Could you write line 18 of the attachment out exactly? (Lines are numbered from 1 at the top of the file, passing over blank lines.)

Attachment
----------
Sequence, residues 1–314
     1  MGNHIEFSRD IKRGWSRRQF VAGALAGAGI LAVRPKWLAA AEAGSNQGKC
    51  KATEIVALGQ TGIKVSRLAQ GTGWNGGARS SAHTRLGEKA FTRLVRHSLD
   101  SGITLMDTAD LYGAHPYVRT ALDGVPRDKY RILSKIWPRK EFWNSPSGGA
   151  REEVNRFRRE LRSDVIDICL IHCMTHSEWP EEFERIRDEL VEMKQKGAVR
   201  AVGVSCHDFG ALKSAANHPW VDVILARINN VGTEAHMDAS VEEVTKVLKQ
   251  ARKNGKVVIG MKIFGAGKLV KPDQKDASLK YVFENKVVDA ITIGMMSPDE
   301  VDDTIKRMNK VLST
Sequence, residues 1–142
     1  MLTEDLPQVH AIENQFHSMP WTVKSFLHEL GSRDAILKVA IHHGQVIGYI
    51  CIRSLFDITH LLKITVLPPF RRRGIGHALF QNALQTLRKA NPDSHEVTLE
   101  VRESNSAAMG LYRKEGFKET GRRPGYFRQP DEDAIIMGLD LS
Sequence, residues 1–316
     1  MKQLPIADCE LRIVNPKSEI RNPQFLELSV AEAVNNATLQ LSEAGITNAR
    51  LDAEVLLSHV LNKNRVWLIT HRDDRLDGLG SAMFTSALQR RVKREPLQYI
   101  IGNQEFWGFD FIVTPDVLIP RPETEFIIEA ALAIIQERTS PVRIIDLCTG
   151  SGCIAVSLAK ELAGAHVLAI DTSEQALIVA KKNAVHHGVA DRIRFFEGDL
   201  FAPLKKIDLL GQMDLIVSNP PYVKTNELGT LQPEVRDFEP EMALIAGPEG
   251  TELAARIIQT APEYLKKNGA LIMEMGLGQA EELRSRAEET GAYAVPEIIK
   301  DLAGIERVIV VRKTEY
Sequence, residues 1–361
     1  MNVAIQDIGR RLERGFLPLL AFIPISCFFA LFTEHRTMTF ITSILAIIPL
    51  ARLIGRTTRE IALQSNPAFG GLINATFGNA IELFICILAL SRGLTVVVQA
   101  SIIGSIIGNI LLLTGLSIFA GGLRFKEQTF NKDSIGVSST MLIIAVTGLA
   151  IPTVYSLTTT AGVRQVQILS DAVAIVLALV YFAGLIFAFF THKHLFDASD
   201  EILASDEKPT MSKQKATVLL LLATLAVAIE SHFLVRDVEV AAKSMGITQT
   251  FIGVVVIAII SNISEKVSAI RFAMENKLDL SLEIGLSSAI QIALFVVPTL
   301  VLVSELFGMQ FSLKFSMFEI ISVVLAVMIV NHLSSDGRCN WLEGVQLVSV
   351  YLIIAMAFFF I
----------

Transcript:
   201  FAPLKKIDLL GQMDLIVSNP PYVKTNELGT LQPEVRDFEP EMALIAGPEG